Three bills that would change Oklahoma's marijuana policies are advancing in the legislature.
HB 2614 would reduce the penalty for simple possession of cannabis to a fine of up to $400. Under Oklahoma's voter-enacted medical cannabis law, anyone possessing up to 1.5 ounces of cannabis that can "state a medical condition" is subject to a misdemeanor fine of up to $400. HB 2614 would apply even to those who cannot "state a medical condition."
Ask your lawmakers to support this modest bill. The current penalty for marijuana possession is up to a year in jail, up to a $1,000 fine, or both.
The second bill is the "unity" medical cannabis bill, HB 2612. That bill passed the House yesterday and now heads to the Senate. While some changes it proposes, such as providing for lab testing, are beneficial, others would whittle away at patient protections.
Under HB 2612, landlords could prohibit patients who are renters from vaporizing cannabis at home. It would also reduce employment protections by carving out exceptions for broadly defined "safety sensitive positions" that include driving, firefighting, and caring for children or patients. You can read our letter to sponsors here.
Finally, SB 1030, as modified by the Senate Health and Human Services Committee, would reduce the penalty for possession of up to 1.5 ounces of cannabis to up to a $400 civil fine. However, it would also add extremely broad exclusions for "safety sensitive positions," which would essentially nullify the medical cannabis employment protections. The exceptions include handling or preparing food, driving, firefighting, and caring for children or patients.
If you want to weigh in on HB 2612 or SB 1030 with your state senator, you can look them up here. You can give your state senator (the third category to appear after you fill in your address) a polite call to urge that HB 2612 and SB 1030 be amended to restore patient protections.
Finally, please share this message with other compassionate Oklahomans.
Yesterday, the New Hampshire Senate Health and Human Services Committee voted 3-2 to reject a bill that would allow home cultivation of up to two mature cannabis plants and 12 seedlings by registered patients and caregivers. Instead of listening to the numerous patients who testified at the public hearing, the committee recommended that HB 1476 be sent to “interim study,” which would effectively kill it for the year. But there’s still hope. Next, the bill is expected to receive a vote in the full Senate sometime in the next few weeks. Gov. Chris Sununu has not expressed a public position on the bill.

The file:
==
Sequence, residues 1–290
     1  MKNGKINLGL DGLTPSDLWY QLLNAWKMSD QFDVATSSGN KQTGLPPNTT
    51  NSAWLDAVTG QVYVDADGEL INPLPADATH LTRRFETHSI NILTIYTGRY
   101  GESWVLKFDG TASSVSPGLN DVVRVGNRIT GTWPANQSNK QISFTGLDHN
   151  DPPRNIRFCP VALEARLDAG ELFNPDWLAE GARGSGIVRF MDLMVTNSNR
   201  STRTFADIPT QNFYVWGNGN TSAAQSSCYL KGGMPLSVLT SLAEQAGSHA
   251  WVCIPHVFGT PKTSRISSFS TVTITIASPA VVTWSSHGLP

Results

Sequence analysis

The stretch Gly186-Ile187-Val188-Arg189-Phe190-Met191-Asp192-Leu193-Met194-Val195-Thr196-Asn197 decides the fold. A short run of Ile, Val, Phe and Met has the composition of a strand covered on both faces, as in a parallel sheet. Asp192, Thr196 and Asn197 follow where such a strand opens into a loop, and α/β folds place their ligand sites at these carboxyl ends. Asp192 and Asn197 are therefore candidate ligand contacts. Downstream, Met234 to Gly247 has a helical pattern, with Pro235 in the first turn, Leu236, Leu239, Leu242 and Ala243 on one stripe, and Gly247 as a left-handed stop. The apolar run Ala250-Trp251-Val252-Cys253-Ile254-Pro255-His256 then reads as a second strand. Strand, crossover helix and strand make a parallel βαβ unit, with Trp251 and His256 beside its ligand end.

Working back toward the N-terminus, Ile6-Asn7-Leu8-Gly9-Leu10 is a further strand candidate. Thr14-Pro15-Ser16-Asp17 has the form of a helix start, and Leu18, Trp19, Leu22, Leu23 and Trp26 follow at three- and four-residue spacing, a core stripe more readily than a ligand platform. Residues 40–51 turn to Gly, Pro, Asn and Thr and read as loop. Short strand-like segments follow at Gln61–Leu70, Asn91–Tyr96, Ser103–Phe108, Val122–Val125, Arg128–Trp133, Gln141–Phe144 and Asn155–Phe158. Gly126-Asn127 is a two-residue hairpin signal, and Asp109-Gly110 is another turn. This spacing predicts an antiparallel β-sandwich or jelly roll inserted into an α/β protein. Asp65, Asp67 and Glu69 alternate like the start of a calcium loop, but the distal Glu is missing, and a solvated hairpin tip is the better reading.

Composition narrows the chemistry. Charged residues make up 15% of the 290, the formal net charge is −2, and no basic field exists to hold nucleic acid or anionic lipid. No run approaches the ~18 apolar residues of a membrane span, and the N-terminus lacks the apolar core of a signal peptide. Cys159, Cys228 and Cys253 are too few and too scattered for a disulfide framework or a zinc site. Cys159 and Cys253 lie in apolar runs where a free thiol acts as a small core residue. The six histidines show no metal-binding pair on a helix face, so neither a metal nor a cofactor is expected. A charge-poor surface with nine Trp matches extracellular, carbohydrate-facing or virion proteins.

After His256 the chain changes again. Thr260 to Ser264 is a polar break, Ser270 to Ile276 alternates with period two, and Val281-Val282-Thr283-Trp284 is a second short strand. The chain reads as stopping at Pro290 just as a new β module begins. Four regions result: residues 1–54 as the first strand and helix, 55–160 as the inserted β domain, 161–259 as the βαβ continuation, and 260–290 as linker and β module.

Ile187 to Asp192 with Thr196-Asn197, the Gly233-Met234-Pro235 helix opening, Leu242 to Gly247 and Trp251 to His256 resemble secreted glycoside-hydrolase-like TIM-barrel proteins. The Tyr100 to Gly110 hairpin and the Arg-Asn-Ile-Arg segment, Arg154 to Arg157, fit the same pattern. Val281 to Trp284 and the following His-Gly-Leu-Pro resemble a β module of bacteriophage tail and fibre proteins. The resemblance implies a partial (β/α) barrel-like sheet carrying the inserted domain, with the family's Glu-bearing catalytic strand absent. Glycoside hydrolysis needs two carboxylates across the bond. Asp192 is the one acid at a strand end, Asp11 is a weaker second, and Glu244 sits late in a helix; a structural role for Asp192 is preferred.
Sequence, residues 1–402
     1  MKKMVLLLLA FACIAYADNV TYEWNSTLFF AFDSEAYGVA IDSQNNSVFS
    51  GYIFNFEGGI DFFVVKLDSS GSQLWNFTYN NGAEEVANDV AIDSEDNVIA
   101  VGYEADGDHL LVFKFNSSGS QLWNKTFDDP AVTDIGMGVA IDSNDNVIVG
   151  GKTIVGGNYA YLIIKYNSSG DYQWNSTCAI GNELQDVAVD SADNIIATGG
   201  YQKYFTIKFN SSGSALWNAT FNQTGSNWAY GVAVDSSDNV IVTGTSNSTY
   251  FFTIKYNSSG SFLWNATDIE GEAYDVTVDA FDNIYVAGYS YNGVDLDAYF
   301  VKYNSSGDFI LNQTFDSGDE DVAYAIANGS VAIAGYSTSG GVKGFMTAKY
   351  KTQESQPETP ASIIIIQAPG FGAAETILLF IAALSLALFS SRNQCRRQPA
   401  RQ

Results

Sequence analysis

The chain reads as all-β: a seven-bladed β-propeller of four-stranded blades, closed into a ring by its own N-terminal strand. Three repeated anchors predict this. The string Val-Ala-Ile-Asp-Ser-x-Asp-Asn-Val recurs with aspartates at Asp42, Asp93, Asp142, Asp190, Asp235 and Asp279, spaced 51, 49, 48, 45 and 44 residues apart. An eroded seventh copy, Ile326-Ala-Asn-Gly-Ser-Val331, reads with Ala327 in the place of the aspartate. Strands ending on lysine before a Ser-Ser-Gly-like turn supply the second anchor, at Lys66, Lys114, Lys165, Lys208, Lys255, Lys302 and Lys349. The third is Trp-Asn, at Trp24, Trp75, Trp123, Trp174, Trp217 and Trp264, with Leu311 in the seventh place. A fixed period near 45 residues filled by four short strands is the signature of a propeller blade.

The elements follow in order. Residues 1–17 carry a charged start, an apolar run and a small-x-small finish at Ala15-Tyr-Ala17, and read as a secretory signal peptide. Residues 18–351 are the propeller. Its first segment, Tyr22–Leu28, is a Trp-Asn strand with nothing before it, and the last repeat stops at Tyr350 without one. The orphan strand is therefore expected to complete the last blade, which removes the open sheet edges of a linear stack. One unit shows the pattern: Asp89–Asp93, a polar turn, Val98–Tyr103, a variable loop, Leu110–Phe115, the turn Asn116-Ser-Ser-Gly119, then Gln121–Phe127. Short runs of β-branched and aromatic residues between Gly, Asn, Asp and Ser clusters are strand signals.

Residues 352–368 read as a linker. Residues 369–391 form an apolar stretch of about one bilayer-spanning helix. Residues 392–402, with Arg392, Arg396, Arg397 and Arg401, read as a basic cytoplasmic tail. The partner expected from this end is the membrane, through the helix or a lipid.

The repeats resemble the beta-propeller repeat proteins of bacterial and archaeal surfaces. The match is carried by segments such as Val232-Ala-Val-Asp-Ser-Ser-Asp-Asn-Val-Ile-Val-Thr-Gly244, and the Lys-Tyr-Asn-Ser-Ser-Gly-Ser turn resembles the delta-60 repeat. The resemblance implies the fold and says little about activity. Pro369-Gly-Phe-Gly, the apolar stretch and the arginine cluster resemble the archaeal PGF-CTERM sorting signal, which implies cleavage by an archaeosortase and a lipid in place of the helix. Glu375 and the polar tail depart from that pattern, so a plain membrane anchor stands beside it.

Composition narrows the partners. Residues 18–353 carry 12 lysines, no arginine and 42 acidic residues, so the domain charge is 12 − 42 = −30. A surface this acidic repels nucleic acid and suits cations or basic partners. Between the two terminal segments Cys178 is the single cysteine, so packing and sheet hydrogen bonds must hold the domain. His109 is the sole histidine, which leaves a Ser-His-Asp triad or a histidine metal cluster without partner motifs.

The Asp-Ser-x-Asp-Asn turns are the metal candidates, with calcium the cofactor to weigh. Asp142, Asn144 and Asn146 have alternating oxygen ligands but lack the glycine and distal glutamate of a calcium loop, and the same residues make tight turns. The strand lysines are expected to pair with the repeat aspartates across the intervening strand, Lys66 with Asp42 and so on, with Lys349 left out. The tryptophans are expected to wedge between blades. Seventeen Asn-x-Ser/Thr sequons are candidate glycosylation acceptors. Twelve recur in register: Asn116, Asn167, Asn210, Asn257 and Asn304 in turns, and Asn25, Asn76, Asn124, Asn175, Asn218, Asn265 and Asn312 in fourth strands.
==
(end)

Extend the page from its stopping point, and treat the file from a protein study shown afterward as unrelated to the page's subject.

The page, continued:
This bill is critically important because many patients are unable to afford the products that are available at dispensaries, which are not covered by health insurance. For some patients, home cultivation is simply the best, most affordable option. There is no need for further study before allowing limited home cultivation by registered patients and caregivers, especially now that it is becoming clear that access to cannabis is a key to addressing the opiate crisis.
For the first time in its history, the New Hampshire Senate Judiciary Committee has voted to approve a marijuana decriminalization bill. HB 640 was amended and passed by the committee in a 3-2 vote today. A vote by the full Senate is expected on Thursday, May 11. For a summary of the bill, as amended, click here.
The House overwhelmingly approved HB 640 in February in a 318-36 vote, and it has approved similar bills eight times since 2008. The Senate Judiciary Committee vote marks the first time such a bill has been approved by a Senate committee. Gov. Chris Sununu has consistently said he supports decriminalizing possession of small amounts of marijuana and is expected to sign the bill if it is approved by the full Senate.
MPP released the following statement from New England Policy Director Matt Simon in a press release: